Amazon recently introduced Climate Pledge Friendly, "a new program to help make it easy for customers to discover and shop for more sustainable products." When you're browsing Amazon, a Climate Pledge Friendly label will appear on more than 45,000 products to signify they have one or more different sustainability certifications which "help preserve the natural world, reducing the carbon footprint of shipments to customers," according to the online retailer.

Amazon

In order to distinguish more sustainable products, the program partnered with a wide range of external certifications, including governmental agencies, non-profits, and independent laboratories, all of which have a focus on preserving the natural world.

Keep Reading Show less

Even as millions of Americans celebrated the inauguration of President Joe Biden this week, the nation also mourned the fact that, for the first time in modern history, the United States did not have a peaceful transition of power.

With the violent attack on the U.S. Capitol on January 6, when pro-Trump insurrectionists attempted to stop the constitutional process of counting electoral votes and where terrorists threatened to kill lawmakers and the vice president for not keeping Trump in power, our long and proud tradition was broken. And although presidential power was ultimately transferred without incident on January 20, the presence of 20,000 National Guard troops around the Capitol reminded us of the threat that still lingers.

First Lady Jill Biden showed up today with cookies in hand for a group of National Guard troops at the Capitol to thank them for keeping her family safe. The homemade chocolate chip cookies were a small token of appreciation, but one that came from the heart of a mother whose son had served as well.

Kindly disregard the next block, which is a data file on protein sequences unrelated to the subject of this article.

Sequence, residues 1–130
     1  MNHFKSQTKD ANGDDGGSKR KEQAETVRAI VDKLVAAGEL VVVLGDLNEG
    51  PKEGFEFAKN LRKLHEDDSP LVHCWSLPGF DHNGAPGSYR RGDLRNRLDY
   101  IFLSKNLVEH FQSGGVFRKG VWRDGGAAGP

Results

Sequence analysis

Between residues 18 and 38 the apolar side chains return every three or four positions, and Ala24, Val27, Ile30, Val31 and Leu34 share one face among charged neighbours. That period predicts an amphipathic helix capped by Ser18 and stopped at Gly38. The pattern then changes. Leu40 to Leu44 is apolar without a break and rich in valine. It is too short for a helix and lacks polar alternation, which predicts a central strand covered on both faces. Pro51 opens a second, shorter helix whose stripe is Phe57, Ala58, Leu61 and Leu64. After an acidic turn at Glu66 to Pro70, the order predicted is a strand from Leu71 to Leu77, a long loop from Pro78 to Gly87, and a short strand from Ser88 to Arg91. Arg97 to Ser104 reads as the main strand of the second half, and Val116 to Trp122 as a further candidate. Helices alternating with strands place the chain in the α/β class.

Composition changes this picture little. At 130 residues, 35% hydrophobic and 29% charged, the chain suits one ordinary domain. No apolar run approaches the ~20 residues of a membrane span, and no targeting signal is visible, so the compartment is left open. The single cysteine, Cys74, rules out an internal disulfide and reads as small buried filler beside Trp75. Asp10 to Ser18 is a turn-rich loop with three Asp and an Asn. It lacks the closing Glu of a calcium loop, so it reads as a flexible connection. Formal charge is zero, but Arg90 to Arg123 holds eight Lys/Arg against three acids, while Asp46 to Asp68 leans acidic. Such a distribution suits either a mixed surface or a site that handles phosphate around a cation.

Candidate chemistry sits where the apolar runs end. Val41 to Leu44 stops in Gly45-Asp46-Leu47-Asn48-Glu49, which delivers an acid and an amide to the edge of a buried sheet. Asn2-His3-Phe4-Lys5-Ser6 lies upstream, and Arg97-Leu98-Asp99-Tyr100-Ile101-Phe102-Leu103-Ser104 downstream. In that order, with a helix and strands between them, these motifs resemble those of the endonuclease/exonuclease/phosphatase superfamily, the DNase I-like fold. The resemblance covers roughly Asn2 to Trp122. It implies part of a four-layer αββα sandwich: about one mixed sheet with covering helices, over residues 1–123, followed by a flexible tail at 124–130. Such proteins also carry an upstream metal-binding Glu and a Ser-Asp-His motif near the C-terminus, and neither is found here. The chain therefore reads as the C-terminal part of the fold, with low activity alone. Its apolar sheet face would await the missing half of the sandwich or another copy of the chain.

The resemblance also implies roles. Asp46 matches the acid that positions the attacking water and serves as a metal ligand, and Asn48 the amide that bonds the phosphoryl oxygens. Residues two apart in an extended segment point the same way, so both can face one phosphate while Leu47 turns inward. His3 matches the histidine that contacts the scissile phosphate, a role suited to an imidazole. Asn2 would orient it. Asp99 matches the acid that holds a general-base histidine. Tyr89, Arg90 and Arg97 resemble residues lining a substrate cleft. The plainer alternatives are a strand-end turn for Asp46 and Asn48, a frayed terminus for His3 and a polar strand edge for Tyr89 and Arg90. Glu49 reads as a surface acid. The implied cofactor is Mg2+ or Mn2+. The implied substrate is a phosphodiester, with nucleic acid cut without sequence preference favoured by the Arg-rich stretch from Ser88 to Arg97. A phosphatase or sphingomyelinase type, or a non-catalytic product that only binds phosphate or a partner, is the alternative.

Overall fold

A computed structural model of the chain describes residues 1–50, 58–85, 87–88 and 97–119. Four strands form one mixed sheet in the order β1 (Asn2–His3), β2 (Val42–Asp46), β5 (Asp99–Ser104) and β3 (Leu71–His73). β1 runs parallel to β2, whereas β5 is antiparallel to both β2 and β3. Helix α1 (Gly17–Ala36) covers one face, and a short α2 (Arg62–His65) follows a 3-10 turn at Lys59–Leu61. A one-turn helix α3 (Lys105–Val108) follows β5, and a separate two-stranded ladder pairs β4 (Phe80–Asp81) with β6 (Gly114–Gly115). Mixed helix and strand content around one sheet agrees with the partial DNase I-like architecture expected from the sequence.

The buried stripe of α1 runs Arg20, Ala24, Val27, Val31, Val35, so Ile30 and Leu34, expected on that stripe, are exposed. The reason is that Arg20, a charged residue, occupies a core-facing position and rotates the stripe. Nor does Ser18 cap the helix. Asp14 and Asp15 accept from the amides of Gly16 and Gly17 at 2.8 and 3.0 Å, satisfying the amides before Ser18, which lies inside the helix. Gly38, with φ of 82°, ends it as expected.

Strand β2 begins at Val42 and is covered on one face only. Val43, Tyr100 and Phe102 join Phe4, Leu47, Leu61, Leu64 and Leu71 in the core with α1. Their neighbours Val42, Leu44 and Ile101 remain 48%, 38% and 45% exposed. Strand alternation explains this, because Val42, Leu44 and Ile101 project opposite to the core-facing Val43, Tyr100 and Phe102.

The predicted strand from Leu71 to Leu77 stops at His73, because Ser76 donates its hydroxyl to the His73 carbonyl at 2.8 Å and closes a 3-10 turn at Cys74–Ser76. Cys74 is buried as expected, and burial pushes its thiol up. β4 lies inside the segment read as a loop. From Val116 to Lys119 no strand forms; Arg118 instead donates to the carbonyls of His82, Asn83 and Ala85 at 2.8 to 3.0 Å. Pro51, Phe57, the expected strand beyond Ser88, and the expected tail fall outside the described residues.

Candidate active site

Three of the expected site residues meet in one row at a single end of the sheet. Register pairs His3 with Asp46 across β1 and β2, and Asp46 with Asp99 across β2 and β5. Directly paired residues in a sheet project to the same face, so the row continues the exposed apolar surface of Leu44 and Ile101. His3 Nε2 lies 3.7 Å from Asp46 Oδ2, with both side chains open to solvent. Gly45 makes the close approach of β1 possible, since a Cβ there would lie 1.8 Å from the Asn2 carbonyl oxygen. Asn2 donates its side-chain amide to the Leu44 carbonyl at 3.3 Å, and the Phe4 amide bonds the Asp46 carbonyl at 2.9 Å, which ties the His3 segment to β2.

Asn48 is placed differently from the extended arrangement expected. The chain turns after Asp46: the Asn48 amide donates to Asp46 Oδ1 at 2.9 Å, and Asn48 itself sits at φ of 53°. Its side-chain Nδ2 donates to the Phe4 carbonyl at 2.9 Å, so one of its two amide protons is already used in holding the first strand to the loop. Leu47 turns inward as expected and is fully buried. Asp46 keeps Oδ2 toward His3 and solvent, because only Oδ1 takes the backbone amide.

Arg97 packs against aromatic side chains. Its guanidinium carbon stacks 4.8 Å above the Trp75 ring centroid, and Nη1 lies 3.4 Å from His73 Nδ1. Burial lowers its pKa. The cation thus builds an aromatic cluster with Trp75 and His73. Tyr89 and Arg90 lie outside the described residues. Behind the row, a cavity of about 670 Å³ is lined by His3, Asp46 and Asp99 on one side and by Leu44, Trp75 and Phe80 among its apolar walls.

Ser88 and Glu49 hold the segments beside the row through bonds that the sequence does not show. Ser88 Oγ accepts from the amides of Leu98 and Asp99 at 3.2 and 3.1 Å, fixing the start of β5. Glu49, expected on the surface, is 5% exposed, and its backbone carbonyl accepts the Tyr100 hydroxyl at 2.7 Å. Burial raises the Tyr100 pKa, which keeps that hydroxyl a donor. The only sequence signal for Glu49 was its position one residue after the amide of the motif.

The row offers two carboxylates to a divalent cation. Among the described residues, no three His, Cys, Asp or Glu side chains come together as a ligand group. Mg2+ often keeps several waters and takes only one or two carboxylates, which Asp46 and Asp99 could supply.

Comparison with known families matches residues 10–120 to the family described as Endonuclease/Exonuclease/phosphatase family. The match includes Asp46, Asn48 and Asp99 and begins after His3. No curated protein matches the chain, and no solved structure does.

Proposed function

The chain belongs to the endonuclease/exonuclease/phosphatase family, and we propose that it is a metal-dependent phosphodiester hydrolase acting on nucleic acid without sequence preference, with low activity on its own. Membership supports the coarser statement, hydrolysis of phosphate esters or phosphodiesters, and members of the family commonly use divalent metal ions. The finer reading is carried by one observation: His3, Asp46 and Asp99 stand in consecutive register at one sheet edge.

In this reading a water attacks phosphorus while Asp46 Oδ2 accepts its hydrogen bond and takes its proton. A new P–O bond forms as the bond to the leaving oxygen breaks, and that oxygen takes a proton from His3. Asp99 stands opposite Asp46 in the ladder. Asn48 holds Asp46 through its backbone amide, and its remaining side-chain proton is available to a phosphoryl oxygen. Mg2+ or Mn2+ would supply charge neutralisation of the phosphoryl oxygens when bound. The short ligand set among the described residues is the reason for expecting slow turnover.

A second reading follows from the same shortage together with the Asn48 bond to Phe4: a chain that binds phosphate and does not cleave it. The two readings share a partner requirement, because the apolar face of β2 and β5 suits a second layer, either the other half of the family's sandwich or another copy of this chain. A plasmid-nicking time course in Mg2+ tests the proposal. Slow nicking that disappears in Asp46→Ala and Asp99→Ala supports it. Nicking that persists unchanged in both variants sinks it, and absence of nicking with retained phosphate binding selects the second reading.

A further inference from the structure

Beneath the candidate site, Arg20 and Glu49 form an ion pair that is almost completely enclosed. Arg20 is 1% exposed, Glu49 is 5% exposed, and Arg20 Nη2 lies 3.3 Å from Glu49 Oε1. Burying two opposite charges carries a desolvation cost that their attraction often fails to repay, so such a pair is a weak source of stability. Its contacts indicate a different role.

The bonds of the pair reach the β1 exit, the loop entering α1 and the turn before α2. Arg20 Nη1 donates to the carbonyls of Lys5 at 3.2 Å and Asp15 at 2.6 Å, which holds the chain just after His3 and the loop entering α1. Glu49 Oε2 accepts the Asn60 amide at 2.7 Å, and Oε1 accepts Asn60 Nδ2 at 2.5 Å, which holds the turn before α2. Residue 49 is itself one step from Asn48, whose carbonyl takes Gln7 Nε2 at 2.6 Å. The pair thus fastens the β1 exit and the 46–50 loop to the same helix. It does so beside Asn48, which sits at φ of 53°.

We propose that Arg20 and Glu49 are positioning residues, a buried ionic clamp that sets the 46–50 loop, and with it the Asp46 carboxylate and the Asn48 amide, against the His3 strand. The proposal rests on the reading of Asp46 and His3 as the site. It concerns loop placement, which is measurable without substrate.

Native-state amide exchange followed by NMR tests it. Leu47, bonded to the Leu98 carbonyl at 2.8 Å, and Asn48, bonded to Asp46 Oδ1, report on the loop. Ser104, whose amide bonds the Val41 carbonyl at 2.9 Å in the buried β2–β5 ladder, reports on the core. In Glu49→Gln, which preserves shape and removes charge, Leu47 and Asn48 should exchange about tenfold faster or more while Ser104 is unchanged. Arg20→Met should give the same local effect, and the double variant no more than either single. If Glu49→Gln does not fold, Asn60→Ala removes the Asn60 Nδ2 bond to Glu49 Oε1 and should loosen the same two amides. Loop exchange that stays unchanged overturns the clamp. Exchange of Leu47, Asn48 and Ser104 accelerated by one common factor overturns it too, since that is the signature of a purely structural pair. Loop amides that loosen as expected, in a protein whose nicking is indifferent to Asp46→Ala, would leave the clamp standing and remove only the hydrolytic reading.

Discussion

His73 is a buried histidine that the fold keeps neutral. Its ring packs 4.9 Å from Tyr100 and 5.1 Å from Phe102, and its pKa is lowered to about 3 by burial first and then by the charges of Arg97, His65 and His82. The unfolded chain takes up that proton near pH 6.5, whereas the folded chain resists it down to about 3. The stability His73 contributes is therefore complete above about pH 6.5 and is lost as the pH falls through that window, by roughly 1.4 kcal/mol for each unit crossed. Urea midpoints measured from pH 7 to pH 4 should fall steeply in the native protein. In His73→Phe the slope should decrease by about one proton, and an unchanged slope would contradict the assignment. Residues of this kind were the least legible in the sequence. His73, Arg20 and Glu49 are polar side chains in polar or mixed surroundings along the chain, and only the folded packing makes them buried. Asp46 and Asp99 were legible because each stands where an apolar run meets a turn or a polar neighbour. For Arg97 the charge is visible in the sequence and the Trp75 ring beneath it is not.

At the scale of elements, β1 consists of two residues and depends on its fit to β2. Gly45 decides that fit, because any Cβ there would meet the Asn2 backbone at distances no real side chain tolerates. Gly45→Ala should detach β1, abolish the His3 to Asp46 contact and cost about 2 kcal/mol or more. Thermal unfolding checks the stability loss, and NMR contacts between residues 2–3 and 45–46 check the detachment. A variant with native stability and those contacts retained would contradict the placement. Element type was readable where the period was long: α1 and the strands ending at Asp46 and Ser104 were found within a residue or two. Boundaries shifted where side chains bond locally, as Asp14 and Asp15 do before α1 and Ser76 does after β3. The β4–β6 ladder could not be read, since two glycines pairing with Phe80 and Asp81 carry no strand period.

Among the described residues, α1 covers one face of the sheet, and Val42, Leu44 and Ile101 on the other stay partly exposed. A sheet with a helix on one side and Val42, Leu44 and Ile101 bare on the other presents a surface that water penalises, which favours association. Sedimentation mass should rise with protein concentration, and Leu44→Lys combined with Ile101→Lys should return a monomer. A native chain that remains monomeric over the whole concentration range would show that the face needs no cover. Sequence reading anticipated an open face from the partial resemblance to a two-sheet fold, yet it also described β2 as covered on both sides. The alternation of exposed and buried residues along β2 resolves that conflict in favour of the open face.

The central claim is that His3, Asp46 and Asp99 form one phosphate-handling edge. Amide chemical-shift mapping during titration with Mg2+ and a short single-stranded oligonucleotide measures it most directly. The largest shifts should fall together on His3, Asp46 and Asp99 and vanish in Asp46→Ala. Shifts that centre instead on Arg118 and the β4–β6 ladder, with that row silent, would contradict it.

Keep Reading Show less
True

If the past year has taught us nothing else, it's that sending love out into the world through selfless acts of kindness can have a positive ripple effect on people and communities. People all over the United States seemed to have gotten the message — 71% of those surveyed by the World Giving Index helped a stranger in need in 2020. A nonprofit survey found 90% helped others by running errands, calling, texting and sending care packages. Many people needed a boost last year in one way or another and obliging good neighbors heeded the call over and over again — and continue to make a positive impact through their actions in this new year.

Upworthy and P&G Good Everyday wanted to help keep kindness going strong, so they partnered up to create the Lead with Love Fund. The fund awards do-gooders in communities around the country with grants to help them continue on with their unique missions. Hundreds of nominations came pouring in and five winners were selected based on three criteria: the impact of action, uniqueness, and "Upworthy-ness" of their story.

Here's a look at the five winners:

Edith Ornelas, co-creator of Mariposas Collective in Memphis, Tenn.

Edith Ornelas has a deep-rooted connection to the asylum-seeking immigrant families she brings food and supplies to families in Memphis, Tenn. She was born in Jalisco, Mexico, and immigrated to the United States when she was 7 years old with her parents and sister. Edith grew up in Chicago, then moved to Memphis in 2016, where she quickly realized how few community programs existed for immigrants. Two years later, she helped create Mariposas Collective, which initially aimed to help families who had just been released from detention centers and were seeking asylum. The collective started out small but has since grown to approximately 400 volunteers.